|Document Type:||Journal Article|
|Title:||It's a bear market: evolutionary and ecological effects of predation on two wild sockeye salmon populations|
|Author:||Jocelyn E. Lin, Jeffrey J. Hard, Kerry A. Naish, Daniel Peterson, R. Hilborn, L. Hauser|
Predation can affect both phenotypic variation and population productivity in the wild, but quantifying evolutionary and demographic effects of predation in natural environments is challenging. The aim of this study was to directly estimate selection coefficients associated with bear predation in wild salmon populations spawning in pristine habitat. Using genetic pedigrees reconstructed from wild spawners, individual reproductive success was estimated in two populations of sockeye salmon (Oncorhynchus nerka) for two consecutive brood years with very different predation intensities. In combination with the pedigree, phenotypic data on individual adult body length, body depth, stream entry timing, and reproductive lifespan were used to calculate selection coefficients and genetic variance components using regression and animal models. Brown bears (Ursus arctos) consistently killed larger and more recently arrived adults, although selection differentials were small. In both populations, mean reproductive success was higher in the brood year experiencing lower predation intensity. In contrast, selection coefficients were similar across brood years, often indicating stabilizing selection on reproductive lifespan as well as directional selection for longer lifespan. Despite these selection pressures, genetic covariation of morphology, phenology and lifespan appears to have maintained variation in spawner body size and stream entry timing in both populations. Our results therefore suggest considerable demographic but limited evolutionary effects of bear predation in the two study populations.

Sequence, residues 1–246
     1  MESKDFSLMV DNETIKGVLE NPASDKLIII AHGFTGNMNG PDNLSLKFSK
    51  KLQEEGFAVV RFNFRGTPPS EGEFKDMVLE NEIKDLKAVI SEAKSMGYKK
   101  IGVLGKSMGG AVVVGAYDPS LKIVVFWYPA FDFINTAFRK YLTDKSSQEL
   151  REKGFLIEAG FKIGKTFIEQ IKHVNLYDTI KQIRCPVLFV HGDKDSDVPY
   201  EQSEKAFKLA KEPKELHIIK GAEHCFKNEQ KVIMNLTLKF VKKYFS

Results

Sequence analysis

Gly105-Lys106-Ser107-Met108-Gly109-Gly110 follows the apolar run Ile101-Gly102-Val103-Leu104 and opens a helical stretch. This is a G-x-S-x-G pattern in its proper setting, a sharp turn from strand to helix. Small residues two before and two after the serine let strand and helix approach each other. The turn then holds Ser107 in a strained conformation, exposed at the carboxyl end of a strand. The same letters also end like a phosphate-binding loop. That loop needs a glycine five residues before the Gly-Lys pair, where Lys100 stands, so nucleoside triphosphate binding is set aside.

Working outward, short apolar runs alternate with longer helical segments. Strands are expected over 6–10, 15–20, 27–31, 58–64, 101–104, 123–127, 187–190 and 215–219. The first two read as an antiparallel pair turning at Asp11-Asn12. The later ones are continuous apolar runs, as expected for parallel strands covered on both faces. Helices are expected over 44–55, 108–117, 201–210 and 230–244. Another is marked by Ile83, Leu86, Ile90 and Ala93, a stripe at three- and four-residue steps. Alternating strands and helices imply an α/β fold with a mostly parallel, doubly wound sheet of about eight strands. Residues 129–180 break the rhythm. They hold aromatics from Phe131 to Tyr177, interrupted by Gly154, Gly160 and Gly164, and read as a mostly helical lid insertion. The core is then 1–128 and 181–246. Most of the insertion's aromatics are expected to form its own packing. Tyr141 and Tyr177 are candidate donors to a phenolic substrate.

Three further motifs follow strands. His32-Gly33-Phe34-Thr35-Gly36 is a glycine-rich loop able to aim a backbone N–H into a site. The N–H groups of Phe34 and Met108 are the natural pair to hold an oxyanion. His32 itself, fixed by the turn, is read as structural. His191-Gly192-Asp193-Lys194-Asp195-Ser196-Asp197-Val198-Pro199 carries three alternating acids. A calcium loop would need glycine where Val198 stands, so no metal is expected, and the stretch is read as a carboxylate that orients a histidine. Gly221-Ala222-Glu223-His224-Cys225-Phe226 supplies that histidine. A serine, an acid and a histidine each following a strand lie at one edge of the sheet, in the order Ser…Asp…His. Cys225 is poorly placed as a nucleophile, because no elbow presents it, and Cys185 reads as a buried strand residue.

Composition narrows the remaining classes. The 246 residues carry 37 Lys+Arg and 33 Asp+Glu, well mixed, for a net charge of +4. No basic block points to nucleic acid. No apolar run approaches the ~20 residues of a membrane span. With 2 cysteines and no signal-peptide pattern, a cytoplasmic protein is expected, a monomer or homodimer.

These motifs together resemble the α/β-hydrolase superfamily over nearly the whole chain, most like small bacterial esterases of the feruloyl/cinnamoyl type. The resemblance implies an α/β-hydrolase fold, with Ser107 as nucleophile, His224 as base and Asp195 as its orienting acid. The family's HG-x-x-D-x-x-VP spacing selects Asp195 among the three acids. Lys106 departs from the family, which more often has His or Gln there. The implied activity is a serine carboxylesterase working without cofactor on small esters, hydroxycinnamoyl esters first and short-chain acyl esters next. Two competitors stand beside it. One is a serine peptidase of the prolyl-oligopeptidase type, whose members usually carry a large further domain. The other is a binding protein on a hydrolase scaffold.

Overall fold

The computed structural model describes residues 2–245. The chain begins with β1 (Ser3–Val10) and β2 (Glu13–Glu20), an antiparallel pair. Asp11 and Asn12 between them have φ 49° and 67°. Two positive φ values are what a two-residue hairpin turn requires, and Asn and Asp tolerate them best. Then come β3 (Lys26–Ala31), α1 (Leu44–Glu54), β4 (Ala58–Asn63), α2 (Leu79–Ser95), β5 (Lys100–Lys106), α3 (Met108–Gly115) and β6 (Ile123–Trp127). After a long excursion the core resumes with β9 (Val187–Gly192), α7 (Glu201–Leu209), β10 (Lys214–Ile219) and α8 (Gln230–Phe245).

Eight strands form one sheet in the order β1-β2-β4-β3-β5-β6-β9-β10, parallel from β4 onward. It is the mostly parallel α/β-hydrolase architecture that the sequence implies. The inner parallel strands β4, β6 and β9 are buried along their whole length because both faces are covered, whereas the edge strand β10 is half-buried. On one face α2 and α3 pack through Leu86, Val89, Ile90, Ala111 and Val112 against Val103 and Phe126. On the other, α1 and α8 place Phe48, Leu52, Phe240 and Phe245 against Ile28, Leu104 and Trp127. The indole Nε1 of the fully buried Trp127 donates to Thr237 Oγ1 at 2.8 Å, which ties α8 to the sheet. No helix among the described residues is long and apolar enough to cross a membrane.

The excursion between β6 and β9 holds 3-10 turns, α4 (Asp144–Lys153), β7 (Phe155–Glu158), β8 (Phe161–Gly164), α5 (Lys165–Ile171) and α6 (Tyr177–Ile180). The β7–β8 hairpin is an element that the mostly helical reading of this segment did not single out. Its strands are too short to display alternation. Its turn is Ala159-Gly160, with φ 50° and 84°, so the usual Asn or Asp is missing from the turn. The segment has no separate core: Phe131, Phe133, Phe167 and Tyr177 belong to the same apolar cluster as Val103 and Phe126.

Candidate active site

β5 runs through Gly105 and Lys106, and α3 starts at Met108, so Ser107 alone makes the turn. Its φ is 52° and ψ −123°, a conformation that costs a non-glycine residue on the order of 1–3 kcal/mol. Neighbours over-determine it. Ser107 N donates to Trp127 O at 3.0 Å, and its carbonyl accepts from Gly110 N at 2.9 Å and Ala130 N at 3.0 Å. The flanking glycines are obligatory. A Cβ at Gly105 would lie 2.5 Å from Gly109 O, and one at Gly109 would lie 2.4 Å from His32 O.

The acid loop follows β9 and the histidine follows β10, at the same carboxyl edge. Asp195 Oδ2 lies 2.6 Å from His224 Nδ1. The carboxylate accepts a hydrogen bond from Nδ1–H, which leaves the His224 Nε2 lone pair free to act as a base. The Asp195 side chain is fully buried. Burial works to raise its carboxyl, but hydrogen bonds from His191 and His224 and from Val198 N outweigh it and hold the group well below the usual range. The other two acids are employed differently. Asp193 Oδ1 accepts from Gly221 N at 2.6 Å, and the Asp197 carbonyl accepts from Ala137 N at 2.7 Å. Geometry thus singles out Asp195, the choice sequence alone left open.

Lin, J., J. J. Hard, K. Naish, D. Peterson, R. Hilborn, and L. Hauser. 2016. It's a bear market: evolutionary and ecological effects of predation on two wild sockeye salmon populations. Heredity 116:447-457 (doi:10.1038/hdy.2016.3; published online 10 February 2016).